We all know about short circuiting in logical expressions, i.e. when

```
if ( False AND myFunc(a) ) then
...
```

doesn't bother executing `myFunc()`

because there's no way the `if`

condition can be true.

I was curious as to whether there is an equivalent for your everyday algebraic equation, say

```
result = C*x/y + z
```

If `C=0`

there is no point in evaluating the first term. It wouldn't matter much performance-wise if `x`

and `y`

were scalars, but if we pretend they are large matrices and the operations are costly (and applicable to matrices) then surely it would make a difference. Of course you could avoid such an extreme case by throwing in an `if C!=0`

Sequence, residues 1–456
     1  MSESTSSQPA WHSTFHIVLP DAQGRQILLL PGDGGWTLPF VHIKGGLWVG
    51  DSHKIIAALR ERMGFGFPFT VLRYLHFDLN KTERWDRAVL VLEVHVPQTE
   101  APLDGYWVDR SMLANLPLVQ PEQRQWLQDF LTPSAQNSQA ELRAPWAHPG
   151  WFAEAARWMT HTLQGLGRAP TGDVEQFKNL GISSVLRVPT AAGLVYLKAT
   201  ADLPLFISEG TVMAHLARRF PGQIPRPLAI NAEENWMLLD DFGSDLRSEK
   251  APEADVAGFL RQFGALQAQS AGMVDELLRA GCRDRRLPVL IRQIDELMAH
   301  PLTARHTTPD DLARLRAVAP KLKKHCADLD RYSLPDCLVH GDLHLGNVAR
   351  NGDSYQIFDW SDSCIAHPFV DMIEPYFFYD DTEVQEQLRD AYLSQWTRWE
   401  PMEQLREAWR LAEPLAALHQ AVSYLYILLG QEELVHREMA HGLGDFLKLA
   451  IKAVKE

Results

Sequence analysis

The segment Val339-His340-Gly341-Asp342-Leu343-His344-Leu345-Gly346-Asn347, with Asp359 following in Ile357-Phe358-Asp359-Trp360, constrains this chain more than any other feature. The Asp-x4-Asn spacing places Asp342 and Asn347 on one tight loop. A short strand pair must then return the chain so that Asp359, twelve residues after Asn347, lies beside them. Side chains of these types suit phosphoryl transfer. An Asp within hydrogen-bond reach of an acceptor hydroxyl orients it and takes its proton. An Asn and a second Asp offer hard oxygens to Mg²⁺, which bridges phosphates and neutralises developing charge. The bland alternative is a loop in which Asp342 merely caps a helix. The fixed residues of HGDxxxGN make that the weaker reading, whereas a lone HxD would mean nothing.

statement.

So my question is whether such a feature exists and if it is useful. I'm not much of a programmer so it probably does under some name that I haven't come across; if so please enlighten me :)

`result = C*myfunction()`

. If`C==0`

, causing the arithmetic expression to short-circuit, then`myfunction`

is never invoked, and whatever side-effects it might have had do not occur (just as with logical short-circuiting). – Maxy-B Nov 16 '11 at 3:38